Thursday, February 18, 2010


One thing that our daughters love are eggs! With cheese of course... But it is not an uncommon weekend breakfast that our girls can wolf-down five eggs! We normally reach for organic cage free eggs, but that is just a preference.

Did you know? According to : Yolk color depends on the plant pigments in the hens’ feed. Natural yellow-orange substances, such as marigold petals, may be added to light-colored feed to enhance color. Artificial colors are not permitted. The color of the yolk does not indicate egg quality, freshness, or nutritional value.

Shell color is determined by the breed of the hen that lays the egg. White eggs are most common. Brown eggs are more expensive because the hens that lay them are bigger and require more food.

The fresher the egg, the cloudier the egg white. As the egg ages, the white becomes clearer and thinner.

And according to Health Castle:

Egg Varieties
Brown eggs:
Eggshell color can vary but it has nothing to do with the quality, flavor, nutritive value, cooking characteristics or shell thickness of an egg. The eggshell color only depends upon the breed of the hen.

Omega 3 enhanced eggs: are from hens fed a diet flax seed or fish oils. Omega 3 enhanced eggs contain more omega 3 fatty acids and Vitamin E than the regular eggs. An independent test conducted by the CBC's TV show Marketplace found that omega-3 enhanced eggs contain approximately 7 times more omega 3 fatty acids than regular white eggs.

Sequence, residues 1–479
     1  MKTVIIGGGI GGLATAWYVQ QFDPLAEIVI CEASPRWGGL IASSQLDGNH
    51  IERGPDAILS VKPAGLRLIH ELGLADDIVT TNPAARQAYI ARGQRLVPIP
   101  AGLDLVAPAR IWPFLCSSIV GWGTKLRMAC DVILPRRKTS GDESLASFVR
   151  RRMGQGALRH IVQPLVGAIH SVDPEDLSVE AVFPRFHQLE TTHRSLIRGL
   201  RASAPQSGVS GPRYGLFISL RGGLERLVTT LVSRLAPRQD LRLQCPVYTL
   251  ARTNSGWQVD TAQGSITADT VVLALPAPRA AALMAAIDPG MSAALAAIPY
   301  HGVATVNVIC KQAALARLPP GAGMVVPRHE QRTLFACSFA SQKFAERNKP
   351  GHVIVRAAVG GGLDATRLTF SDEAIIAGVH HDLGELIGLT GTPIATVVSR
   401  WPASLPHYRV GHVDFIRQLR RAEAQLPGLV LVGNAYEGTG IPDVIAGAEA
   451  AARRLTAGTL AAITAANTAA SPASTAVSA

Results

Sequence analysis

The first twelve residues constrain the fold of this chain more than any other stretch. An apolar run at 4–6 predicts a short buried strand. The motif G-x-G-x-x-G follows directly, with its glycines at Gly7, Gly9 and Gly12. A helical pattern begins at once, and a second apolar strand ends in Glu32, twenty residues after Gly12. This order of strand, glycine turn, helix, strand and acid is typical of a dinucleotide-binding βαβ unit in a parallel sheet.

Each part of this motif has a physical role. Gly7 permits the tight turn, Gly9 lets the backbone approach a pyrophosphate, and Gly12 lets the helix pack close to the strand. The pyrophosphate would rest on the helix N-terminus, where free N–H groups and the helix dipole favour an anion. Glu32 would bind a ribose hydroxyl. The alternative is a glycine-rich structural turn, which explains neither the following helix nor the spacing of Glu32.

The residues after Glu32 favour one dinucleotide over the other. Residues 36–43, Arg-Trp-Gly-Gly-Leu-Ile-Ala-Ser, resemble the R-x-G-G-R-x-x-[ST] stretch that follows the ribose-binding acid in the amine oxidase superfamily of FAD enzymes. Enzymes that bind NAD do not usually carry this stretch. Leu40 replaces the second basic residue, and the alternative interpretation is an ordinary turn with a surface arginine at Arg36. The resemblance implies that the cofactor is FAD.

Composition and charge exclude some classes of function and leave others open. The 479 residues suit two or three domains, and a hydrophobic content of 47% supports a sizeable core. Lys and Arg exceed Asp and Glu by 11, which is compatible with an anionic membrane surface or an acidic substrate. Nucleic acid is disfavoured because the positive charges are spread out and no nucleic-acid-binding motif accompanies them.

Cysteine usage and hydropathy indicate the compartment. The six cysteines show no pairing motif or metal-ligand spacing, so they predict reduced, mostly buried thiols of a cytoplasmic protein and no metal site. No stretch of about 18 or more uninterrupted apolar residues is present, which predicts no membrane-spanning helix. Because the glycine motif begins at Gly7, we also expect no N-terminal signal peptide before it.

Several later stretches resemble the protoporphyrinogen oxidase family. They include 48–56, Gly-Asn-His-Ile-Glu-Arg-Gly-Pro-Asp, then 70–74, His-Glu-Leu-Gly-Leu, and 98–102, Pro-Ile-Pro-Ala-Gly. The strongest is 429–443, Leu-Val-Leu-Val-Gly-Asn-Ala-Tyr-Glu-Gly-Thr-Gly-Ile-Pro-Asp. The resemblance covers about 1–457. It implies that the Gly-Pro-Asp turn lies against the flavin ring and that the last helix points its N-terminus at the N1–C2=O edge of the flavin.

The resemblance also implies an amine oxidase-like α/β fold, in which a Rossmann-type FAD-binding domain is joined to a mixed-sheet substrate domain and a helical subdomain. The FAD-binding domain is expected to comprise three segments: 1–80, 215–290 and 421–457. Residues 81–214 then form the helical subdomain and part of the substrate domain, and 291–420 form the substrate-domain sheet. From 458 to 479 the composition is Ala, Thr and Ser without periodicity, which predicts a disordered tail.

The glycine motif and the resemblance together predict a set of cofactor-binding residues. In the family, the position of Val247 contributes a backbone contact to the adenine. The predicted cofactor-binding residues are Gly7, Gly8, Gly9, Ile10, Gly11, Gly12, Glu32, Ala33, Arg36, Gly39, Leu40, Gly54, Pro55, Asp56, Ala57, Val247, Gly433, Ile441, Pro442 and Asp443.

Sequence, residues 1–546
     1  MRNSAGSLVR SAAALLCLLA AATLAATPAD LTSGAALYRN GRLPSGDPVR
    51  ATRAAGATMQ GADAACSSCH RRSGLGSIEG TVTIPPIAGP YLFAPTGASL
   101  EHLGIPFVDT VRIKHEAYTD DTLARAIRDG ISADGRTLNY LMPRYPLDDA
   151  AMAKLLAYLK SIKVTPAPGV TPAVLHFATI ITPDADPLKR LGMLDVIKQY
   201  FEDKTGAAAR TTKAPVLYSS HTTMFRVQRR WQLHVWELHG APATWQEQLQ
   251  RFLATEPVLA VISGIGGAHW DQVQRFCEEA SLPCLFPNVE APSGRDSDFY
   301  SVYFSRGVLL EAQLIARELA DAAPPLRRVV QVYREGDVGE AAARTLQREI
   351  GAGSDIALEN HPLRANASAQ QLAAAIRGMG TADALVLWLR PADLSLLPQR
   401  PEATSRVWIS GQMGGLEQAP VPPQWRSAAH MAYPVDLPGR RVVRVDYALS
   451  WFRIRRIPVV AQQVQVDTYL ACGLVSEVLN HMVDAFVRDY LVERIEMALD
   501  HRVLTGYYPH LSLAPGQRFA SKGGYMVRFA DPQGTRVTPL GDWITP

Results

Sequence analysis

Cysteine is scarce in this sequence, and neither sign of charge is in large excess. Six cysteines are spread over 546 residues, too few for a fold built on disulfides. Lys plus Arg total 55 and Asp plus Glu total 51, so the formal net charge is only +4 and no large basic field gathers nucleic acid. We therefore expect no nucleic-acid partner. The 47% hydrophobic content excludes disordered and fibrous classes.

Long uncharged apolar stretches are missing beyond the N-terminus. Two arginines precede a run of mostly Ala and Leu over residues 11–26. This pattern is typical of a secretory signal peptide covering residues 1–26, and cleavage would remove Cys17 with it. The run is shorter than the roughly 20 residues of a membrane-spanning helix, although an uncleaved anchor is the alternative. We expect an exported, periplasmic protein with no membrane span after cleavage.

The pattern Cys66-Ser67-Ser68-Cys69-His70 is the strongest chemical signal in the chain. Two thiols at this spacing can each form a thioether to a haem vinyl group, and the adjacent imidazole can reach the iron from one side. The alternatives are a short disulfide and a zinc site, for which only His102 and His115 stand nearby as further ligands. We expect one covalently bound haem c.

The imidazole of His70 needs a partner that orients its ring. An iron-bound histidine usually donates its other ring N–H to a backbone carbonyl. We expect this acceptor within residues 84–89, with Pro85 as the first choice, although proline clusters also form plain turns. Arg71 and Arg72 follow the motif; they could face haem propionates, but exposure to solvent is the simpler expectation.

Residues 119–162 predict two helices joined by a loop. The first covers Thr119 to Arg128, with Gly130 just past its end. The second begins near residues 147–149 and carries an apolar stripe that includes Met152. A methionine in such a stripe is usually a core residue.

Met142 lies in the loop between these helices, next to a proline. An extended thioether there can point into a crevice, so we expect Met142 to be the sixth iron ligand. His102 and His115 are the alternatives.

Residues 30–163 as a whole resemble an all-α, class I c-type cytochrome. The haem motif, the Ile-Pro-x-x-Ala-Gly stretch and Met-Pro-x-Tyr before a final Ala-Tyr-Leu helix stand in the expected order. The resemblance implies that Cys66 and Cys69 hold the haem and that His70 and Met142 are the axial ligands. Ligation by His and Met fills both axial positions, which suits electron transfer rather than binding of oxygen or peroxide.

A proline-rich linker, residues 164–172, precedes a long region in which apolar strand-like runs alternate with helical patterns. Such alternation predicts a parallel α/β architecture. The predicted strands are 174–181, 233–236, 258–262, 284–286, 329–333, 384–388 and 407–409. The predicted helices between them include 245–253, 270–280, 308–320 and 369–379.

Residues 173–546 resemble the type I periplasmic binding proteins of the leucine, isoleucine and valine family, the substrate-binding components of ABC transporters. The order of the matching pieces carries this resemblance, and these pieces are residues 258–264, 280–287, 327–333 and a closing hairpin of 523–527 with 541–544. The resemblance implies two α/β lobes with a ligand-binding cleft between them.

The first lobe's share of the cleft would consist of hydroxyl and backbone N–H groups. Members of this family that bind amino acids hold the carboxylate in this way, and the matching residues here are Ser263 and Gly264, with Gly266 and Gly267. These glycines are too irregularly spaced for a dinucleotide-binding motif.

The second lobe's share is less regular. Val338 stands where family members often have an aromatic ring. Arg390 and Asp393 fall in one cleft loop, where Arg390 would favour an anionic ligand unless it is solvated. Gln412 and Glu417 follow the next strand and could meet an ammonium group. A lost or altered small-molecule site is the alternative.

Organic eggs:
are produced by hens fed certified organic grains without most conventional pesticides and fertilizers. Growth hormones and antiobiotics are also prohibited. Organic eggs have the same nutritional content, fat or cholesterol as regular eggs.

Free-Run or Cage-free eggs: are produced by hens that are able to move about the floor of the barn and have access to nesting boxes and perches. The nutrient content of these eggs is the same as that of regular eggs.

Free-Range eggs: are produced in a similar environment as cage-free eggs but hens have access to outdoor runs as well. The nutrient content of these eggs is the same as that of regular eggs.

Processed eggs:
such as liquid egg whites or dried egg whites are shell eggs broken by special machines then pasteurized before being further processed and packaged in liquid, frozen or dried form. Process egg products may also contain preservatives and flavor or color additives.

-- Sent from my Palm Prē

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